The act allows for negative inferences "as seem proper" to be made if a defendant fails to mention a fact later relied on in defence that could have reasonably be given earlier, seen as evidence of later fabrication. Inferences can also be made from a refusal to account for "objects, substances or marks". These inferences are limited to facts that were later relied on and the circumstances of the defendant at the time of questioning had to be considered.

The act provides that a defendant cannot be convicted solely due to their silence, this position was partly reinforced by the European Court of Human Rights (Murray v. United Kingdom (1996)), which also required early access to legal advice, although the greater thrust of the case was lost. The inferences a jury can draw from silence or failure to mention facts are given to them as the English Model Directions, derived from R v. Cowan (1995).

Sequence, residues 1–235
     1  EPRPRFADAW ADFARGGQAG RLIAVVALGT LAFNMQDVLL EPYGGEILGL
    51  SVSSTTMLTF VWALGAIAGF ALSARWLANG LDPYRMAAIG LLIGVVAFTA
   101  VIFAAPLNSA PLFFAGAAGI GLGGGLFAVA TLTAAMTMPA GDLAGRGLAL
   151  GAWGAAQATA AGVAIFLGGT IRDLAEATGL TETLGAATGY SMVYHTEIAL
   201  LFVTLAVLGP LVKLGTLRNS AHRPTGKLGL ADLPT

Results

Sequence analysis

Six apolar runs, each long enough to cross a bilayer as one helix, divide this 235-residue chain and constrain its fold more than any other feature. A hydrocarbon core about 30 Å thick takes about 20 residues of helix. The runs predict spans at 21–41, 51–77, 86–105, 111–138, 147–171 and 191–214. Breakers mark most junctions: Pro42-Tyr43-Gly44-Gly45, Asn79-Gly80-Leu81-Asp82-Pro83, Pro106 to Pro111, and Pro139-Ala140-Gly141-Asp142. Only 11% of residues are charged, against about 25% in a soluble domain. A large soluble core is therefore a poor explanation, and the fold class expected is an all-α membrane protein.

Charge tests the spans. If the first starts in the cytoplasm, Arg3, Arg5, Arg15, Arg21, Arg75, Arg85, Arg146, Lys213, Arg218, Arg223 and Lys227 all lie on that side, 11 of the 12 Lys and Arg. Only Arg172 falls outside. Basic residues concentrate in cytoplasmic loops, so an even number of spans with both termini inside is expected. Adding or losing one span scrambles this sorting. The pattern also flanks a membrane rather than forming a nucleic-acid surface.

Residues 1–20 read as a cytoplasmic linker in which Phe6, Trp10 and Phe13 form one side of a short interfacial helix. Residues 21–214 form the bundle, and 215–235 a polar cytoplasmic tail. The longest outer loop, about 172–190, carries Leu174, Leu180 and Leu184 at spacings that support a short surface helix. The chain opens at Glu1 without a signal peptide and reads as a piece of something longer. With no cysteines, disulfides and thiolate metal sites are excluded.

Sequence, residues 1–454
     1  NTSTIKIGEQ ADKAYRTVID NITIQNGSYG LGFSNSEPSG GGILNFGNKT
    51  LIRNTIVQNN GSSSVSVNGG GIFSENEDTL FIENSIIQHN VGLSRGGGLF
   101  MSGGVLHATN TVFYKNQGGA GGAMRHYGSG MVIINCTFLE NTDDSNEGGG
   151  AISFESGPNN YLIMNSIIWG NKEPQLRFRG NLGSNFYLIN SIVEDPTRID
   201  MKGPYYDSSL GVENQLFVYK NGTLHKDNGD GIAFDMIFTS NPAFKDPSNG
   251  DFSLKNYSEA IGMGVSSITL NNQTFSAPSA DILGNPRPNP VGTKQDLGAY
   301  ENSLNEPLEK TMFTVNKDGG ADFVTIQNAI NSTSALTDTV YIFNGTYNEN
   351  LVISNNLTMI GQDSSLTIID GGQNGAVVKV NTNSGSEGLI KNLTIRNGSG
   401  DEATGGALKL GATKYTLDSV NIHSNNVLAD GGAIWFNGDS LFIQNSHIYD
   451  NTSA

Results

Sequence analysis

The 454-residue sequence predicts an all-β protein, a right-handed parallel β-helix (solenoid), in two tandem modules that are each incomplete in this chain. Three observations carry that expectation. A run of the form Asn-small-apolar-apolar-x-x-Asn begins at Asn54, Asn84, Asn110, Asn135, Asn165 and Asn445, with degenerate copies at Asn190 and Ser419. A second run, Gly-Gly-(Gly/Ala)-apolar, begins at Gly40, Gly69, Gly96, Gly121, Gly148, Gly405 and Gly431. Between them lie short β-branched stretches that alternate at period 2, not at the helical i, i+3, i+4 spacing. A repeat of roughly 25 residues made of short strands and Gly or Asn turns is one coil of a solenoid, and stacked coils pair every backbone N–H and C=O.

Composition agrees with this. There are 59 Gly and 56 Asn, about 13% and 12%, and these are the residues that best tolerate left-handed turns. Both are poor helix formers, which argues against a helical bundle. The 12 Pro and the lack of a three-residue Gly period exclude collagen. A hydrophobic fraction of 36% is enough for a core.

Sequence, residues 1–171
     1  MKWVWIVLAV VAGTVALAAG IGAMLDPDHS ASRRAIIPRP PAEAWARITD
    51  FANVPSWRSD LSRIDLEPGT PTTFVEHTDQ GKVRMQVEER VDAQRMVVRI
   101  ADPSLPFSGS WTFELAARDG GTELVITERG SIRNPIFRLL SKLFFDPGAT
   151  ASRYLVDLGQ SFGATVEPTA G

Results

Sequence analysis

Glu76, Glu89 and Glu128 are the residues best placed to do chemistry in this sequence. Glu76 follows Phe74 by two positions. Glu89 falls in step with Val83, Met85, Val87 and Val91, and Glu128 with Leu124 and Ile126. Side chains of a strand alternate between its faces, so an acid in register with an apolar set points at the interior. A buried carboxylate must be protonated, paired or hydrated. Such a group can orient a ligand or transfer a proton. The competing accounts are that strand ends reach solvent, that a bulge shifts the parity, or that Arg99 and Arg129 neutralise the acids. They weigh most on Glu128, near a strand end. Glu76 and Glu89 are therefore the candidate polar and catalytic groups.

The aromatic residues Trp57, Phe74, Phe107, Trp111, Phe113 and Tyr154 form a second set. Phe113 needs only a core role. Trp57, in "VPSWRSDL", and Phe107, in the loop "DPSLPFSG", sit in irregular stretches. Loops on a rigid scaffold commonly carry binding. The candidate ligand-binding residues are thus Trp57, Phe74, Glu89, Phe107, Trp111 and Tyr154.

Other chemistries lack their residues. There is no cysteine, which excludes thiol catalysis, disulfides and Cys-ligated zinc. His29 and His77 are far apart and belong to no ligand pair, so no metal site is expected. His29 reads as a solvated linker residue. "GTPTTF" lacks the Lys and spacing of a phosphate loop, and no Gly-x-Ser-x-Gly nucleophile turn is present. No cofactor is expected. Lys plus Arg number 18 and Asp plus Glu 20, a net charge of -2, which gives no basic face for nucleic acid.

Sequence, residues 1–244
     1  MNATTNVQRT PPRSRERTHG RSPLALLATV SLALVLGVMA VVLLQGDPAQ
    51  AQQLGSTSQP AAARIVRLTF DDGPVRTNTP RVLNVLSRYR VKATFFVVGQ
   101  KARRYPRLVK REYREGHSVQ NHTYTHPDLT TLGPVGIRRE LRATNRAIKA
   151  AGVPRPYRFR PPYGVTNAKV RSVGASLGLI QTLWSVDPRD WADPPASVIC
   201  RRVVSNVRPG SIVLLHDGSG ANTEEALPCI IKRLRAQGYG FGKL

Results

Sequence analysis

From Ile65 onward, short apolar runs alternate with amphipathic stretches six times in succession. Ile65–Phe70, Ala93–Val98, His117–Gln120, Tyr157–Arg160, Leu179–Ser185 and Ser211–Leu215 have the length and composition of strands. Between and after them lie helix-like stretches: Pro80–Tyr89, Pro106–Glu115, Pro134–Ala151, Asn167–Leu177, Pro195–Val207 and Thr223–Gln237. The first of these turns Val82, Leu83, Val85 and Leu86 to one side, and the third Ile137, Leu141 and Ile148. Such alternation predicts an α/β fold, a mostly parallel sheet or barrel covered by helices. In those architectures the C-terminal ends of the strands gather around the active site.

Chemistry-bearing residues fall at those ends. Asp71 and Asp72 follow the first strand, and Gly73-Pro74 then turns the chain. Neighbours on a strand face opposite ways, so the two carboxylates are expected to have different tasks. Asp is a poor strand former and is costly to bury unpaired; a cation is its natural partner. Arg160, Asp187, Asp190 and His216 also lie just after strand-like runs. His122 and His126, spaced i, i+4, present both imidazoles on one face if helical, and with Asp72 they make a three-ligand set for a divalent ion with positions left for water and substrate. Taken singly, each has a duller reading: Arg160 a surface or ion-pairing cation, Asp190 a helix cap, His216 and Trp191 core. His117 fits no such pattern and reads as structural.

There is little valid empirical data on the use of the right to silence during police questioning, the reports that do exist offer very differing figures on the use and the circumstances of the use of silence. It is generally believed that the majority of convictions are derived from, or substantially aided by, self-incrimination.

Comparison between civil and common law

Some proponents of inquisitorial justice argue that the right to silence as practiced by courts in an adversarial context is actually much more unfair to the defendant than the system in countries with specially trained inquisitorial judges. In common law procedural systems the defendant has a right to silence, but if he waives that right to silence he is subject to cross-examination by a professional advocate whose goal it is to present the defendant's statements in the worst possible light.

In most civil law jurisdictions where inquisitorial type procedures are established, the defendant may be compelled to make a statement, but this statement is not conducted under oath and the defendant is not subject to cross-examination by the prosecutor. This allows the defendant to explain their actions without having to duel with a lawyer or barrister, they only have to duel with the judge.

See also

fi:Oikeus vaieta